Congratulations to the winner of the 8th Annual BRIght Futures Prize of $100,000, Biomedical Engineer, Natalie Artzi, PhD. This project focuses on engineering therapies for better outcomes with brain cancer in children. With more than 35,000 votes from more than 110 countries and all 50 states, this year we set a record for BRIght Futures voting.
Brain tumors are the most lethal childhood cancer, with a median survival rate of only 9 to 15 months — a measure that has not changed for 20 years. Despite extensive efforts to develop better therapies, there is currently no treatment that can cure brain cancer, which specializes in escaping immune surveillance mechanisms and thus avoids immune-mediated elimination. Since a highly selective membrane protects the brain, the blood-brain barrier (BBB), whose role is to prevent most molecules from penetrating into the brain, it makes it even more challenging for drugs to reach a brain tumor. This means that even higher — and more toxic — doses of a drug may not be very effective for patients with brain cancer.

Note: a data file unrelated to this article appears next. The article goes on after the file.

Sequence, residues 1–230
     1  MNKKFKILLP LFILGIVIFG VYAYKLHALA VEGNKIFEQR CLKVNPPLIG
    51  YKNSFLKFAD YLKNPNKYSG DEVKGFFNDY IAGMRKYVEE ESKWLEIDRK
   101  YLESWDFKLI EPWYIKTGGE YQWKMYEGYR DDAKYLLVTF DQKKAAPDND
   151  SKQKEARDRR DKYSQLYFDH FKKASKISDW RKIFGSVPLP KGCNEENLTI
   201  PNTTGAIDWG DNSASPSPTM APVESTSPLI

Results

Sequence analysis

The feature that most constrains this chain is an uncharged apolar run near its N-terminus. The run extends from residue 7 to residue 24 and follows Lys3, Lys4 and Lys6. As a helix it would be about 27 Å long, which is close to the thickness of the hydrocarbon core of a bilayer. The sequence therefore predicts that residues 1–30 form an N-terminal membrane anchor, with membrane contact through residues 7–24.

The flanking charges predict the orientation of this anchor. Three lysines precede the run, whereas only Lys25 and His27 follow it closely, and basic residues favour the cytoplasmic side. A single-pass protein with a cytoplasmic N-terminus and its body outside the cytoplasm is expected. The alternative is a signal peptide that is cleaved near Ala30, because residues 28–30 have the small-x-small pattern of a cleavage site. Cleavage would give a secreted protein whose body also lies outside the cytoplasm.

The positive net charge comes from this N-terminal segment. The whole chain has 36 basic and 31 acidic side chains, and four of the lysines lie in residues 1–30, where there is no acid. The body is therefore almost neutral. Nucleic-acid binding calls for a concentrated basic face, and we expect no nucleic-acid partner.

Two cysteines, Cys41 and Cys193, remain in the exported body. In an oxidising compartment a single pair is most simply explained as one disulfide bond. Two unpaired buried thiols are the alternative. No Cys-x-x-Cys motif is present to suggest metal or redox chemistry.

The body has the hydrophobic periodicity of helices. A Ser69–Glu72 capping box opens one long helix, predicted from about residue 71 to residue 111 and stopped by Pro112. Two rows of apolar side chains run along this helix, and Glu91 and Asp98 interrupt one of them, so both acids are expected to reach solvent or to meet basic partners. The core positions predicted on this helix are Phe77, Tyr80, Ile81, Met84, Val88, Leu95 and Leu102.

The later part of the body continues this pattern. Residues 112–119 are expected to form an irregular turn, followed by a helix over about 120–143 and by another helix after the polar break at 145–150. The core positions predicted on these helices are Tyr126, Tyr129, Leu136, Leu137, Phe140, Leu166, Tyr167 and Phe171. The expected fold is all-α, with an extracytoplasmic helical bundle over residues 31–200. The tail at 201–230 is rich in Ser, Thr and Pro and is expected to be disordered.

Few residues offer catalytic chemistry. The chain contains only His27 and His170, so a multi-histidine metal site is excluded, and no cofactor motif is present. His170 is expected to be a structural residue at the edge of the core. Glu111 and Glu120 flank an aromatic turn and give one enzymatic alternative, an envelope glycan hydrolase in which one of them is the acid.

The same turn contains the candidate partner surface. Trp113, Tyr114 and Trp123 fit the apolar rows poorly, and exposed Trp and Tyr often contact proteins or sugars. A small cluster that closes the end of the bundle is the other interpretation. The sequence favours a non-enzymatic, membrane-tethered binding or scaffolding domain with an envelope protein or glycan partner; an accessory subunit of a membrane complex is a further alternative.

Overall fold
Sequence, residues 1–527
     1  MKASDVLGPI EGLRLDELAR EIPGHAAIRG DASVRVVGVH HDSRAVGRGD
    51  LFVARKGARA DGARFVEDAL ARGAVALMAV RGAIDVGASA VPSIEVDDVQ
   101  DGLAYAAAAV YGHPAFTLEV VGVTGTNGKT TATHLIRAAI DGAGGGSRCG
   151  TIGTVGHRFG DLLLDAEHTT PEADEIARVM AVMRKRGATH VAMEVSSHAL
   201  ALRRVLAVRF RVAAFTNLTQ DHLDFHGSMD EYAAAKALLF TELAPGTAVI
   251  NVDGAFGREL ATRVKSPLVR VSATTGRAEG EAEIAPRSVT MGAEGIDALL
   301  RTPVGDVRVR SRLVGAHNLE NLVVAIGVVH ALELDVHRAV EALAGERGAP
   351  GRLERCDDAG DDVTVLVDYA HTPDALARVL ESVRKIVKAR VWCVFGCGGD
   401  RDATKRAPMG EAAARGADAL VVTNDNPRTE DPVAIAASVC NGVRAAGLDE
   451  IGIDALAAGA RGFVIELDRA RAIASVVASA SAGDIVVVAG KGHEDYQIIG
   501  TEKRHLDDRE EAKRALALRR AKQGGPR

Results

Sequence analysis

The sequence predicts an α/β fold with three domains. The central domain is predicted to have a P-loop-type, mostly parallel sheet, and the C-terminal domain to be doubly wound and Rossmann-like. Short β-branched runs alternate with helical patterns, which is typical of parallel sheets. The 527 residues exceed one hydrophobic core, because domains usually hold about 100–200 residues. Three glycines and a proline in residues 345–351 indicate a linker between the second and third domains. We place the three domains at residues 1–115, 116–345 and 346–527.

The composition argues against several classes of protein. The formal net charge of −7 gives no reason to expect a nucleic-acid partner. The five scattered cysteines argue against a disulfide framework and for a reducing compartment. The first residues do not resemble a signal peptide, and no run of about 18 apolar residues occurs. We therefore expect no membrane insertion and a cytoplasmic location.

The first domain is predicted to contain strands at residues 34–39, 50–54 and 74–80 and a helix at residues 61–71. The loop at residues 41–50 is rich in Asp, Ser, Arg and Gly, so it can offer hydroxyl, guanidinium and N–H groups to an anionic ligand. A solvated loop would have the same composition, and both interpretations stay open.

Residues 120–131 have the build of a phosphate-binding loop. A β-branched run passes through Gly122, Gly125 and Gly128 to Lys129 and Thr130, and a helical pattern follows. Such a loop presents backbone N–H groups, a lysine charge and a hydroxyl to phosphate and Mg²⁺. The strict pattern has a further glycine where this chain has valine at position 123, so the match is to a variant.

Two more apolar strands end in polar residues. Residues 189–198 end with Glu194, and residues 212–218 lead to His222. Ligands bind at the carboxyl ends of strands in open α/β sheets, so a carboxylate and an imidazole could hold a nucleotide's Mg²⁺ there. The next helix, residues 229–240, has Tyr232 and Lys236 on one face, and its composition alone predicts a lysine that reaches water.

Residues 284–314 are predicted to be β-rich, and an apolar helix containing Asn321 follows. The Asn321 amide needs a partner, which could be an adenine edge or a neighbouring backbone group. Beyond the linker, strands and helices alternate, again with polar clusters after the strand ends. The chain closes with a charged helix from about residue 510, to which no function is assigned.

“Our solution is to deliver an adhesive patch that can reveal and kill cancer cells by (1) activating the immune system by using molecules that act as “danger” signals, and (2) delivering these molecules efficiently to the brain by using a material called an adhesive hydrogel, which can be sprayed onto and stick to the brain after surgery. This material allows us to locally release a cocktail of molecules that will activate the immune system while circumventing the BBB.”
“We plan to harness nanotechnology to form particles at a size of 1,000th the diameter of a single human hair. These nanoparticles specialize in penetrating cancer cells and may be programmed to deliver drugs at a predetermined rate. This technology will ensure that the immune system remains active and that the tumor will not come back.”
The BRIght Futures Prize will allow Dr. Artzi to take the first steps in making this therapy a reality, making the hydrogels and testing their safety and effectiveness in a preclinical model of brain cancer.